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How to Start a Windowsill Kitchen Garden

The Full Growing Guide

If you want to start with something that is simple to grow anytime of the year, you are in the right place! 

By growing baby leaves you will experiment with how to grow plants from seed and with new tastes and textures in the kitchen. The leaves taste and feel differently when they are fresh of the plant. You will be surprised by how much better they taste compared with the same leaves that are pre-packed in plastic bags. And if you are a foodie you will have lots of fun mixing special leaves in your ultra-fresh salads, or garnish dishes like restaurants do.


What to grow?

There are many different plants to grow as baby leaves which I can categorize as follows:

Asian brassicas- Paksoy, Amsoy, Mizuna and more of that family are great to grow as baby leaves. There are usually green and purple varieties you can experiment with, they all look wonderful, and have a mustardy taste.

Spinach- If you like spinach try growing it for salads, the taste and texture if so much nicer when freshly harvested.

Rucola- Also belongs to the brassica family, with a spicy taste that I personally love. I grow them every year and use them in salads and every conceivable type of sandwich, they also make a good pesto.

Pea shoots- I find these an inserting addition to a salad, especially if you mix them with stronger tasting ingredients. The pea shoots have a mild taste and they are tender, as long as you harvest them on time, when they are about 5 cm tall. If you have more mature shoots already, eat them cooked.   

Lettuce- There are so many different kinds of lettuce, green, purple, marbled, curly, crunchy & firm or soft, choosing which kind to grow is really about personal preference. You can start with a blend of baby leaves or cut and come again leaves named “musclum” that way you will get a very happy coloful salad.    

How to grow?

It doesn’t really matter what kind of greens you choose to grow as baby leaves, as long as you follow these steps:

Prepare your windowsill- keep in mind that you need to use soil and water, which can get slightly messy indoors. I always place a big plastic bag I don’t need anymore (this is a good way to recycle a bag with wholes in it) on a clean and dry spot on the windowsill. It’s best to choose for a spot which gets lots of light, but not direct strong sun which can burn the seedlings. If you are in a cold environment and grow in winter, the best spot will have light and also warmth. A windowsill above a source of heat, such as your heating system is ideal (as long as it’s safe of course).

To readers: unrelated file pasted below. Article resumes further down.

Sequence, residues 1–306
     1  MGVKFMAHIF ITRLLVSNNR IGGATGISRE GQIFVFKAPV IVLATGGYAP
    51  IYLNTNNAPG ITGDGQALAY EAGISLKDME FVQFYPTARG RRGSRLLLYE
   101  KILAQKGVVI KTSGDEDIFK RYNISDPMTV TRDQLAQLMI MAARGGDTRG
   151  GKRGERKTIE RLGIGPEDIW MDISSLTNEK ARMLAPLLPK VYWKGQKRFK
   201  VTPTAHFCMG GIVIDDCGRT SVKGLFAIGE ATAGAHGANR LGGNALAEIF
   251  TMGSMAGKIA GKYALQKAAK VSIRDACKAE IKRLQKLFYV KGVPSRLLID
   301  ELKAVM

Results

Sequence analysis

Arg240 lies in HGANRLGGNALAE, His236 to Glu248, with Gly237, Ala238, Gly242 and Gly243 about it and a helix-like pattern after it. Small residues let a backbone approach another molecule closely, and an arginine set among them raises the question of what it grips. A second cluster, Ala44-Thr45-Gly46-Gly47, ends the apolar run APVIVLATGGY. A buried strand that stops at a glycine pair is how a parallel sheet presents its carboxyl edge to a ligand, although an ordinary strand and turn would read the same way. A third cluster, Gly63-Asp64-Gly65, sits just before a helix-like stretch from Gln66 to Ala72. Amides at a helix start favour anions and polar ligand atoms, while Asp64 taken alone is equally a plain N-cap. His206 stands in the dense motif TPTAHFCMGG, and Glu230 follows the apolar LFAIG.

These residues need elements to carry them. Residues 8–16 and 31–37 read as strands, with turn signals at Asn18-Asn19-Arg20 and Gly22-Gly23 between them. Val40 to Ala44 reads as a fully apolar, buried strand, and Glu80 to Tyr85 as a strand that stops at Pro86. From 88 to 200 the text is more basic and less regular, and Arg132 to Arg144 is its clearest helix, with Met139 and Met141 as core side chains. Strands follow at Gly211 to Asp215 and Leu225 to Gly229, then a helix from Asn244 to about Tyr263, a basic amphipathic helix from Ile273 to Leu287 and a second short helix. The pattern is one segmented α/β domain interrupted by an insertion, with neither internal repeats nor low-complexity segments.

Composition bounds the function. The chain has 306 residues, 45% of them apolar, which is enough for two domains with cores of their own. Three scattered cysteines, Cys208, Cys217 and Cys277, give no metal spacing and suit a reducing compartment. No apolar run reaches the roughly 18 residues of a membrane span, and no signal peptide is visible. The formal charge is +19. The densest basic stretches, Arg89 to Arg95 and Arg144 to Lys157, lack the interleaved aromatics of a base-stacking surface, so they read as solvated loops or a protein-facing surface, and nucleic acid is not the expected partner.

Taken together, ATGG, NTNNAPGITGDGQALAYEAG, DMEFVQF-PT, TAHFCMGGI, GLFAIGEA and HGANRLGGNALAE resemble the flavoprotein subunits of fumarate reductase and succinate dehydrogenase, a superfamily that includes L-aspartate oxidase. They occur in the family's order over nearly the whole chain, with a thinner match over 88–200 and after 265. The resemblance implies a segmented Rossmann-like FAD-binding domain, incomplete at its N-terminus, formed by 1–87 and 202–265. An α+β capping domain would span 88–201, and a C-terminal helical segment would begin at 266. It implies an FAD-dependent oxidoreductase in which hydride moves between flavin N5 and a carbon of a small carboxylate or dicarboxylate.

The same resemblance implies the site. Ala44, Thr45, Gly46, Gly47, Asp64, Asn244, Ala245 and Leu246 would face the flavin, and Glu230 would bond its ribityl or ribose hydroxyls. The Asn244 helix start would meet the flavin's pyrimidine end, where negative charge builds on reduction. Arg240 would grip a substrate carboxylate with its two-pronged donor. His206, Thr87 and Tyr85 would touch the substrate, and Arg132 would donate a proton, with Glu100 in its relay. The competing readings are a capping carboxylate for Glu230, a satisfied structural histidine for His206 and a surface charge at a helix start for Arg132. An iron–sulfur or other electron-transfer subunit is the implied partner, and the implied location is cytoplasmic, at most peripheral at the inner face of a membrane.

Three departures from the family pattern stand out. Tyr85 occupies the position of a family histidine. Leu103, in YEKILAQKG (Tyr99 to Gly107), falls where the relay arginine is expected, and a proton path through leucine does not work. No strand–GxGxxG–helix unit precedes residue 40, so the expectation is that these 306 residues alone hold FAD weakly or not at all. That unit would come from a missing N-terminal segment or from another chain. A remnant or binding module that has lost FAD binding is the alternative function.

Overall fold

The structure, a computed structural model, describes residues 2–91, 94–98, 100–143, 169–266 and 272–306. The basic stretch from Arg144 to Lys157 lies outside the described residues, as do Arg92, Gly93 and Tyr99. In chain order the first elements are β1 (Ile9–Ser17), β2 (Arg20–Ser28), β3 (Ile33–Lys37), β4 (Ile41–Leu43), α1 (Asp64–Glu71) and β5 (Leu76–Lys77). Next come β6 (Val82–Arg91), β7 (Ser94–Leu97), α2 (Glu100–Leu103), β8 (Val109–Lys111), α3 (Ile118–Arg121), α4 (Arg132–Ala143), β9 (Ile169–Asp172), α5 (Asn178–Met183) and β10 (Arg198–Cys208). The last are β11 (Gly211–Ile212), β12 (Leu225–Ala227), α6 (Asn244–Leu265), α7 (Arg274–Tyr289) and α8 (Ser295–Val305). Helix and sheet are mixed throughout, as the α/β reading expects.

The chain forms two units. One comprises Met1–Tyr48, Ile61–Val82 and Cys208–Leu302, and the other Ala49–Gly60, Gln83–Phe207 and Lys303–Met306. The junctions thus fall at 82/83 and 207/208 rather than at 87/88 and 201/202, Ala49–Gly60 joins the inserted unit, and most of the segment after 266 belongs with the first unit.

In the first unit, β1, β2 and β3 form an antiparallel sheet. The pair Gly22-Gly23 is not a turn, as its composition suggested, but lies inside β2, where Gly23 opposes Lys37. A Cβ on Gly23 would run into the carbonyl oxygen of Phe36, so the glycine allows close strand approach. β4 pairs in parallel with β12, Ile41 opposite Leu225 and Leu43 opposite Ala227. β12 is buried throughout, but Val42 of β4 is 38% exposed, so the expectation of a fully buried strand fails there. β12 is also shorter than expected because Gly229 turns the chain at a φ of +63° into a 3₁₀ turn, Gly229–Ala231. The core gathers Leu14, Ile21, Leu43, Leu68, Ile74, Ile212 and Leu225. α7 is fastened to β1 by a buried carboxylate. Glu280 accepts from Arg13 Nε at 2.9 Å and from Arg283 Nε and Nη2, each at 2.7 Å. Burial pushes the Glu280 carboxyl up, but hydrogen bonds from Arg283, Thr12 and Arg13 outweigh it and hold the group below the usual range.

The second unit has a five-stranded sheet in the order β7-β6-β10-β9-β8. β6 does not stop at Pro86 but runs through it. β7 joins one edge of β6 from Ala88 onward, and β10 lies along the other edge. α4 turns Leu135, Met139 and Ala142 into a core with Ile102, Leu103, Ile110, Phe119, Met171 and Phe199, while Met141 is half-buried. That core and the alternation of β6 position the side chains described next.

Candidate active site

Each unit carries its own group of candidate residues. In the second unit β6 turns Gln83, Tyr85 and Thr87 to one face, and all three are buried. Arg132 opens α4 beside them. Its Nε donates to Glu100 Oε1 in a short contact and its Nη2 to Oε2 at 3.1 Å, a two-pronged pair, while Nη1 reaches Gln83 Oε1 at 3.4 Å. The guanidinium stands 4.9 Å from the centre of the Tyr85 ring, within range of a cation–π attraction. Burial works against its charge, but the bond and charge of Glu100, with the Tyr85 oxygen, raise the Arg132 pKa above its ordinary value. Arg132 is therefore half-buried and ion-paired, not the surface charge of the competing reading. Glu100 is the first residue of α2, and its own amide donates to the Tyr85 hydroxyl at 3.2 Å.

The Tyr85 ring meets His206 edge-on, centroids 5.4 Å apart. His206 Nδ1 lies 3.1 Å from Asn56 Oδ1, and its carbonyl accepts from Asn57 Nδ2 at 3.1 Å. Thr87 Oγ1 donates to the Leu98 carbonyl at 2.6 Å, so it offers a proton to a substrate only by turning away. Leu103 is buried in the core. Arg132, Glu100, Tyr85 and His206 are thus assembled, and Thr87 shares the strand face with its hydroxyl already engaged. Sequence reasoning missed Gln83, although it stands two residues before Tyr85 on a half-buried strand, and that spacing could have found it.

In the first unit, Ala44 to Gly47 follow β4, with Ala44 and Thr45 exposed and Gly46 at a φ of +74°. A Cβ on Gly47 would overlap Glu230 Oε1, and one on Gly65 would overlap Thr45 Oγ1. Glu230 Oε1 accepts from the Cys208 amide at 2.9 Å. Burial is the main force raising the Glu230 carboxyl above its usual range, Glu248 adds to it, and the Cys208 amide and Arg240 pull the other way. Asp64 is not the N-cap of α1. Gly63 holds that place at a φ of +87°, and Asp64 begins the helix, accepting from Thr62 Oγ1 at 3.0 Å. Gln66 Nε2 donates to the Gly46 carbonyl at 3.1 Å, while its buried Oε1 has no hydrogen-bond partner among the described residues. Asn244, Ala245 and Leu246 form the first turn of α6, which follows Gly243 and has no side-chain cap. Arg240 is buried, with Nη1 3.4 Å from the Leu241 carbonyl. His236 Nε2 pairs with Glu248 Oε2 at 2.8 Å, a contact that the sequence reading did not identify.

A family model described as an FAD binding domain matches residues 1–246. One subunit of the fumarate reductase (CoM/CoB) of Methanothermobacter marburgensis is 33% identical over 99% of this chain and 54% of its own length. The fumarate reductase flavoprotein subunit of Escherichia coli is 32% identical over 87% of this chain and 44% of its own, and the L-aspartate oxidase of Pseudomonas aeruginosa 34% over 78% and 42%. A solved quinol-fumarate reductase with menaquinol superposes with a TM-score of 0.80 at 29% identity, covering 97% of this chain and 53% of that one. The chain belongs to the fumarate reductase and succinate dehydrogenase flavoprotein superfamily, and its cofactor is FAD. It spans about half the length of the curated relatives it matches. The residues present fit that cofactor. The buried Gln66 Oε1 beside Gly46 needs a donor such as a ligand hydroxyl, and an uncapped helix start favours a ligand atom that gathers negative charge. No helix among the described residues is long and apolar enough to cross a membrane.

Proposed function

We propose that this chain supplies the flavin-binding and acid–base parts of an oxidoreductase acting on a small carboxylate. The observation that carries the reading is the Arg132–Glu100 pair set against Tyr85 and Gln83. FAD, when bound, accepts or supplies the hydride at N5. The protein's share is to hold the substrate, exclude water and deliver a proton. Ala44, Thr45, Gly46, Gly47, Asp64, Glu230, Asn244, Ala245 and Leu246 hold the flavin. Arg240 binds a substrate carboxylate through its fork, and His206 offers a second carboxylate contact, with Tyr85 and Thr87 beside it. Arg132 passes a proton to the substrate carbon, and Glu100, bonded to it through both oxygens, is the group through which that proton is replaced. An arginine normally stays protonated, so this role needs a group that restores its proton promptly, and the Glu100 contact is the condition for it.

Choosing a container- Baby leaves are easy to grow and don’t need a big or deep container. You can buy any type of seed tray, that should be enough to get you started. Have a pot or a window box? That’s perfect too. Want to recycle something? Many supermarkets sell vegetables in clear plastic buckets, these are pretty ideal. If you ordered a take-out and you have a plastic box left you can use it too. Pay attention to drainage, if the container you chose has drainage wholes you will need to place a plate under it to hold the excess water. Since you are growing simple leaves it’s actually ok to chose for a container without holes, just make sure to water gently and male sure the water are well absorbed before watering more.

Soil- Use a fine type of soil for seedlings, and always soil that is expressly suitable for growing food.

Sowing- fill the container with soil and place on your prepped windowsill. Take a small amount of seeds in your hands, and scatter them across the soil. If you just sowed a whole seed packet in one go, you probably over did it. Watch this to see how it should be done. Pat the soil to make sure the seeds have contact with it. You can also scatter a super thin layer of fine soil on top, just to make sure the seeds are covered.

Watering- water immediately after sowing. Watering must be gentle since the seeds are small and can wash away. Keep the soil moist to ensure good germination. Generally, water when the soil feels dry, or when it looks like the seedlings become floppy.


Harvesting- Harvest the leaves when they are young and tender. Pick them with your hands or cut them with clean scissors, in any case don’t pull off the plants from the soil as long as they are productive, this way you can harvest the same plants multiple times.

Productivity- If you see that the plants start to develop flower buds and prepare to flower, it’s time to sow a fresh batch of seeds. After they flower, leafy greens become too firm and taste too intense. Lettuce becomes too bitter, rucola too spicy and so on.

I hope this guide will motivate you to start growing your own food, good luck! And if things go wrong, remember you can always start over, and ask for advice here. I can’t wait to see what you managed to grow!

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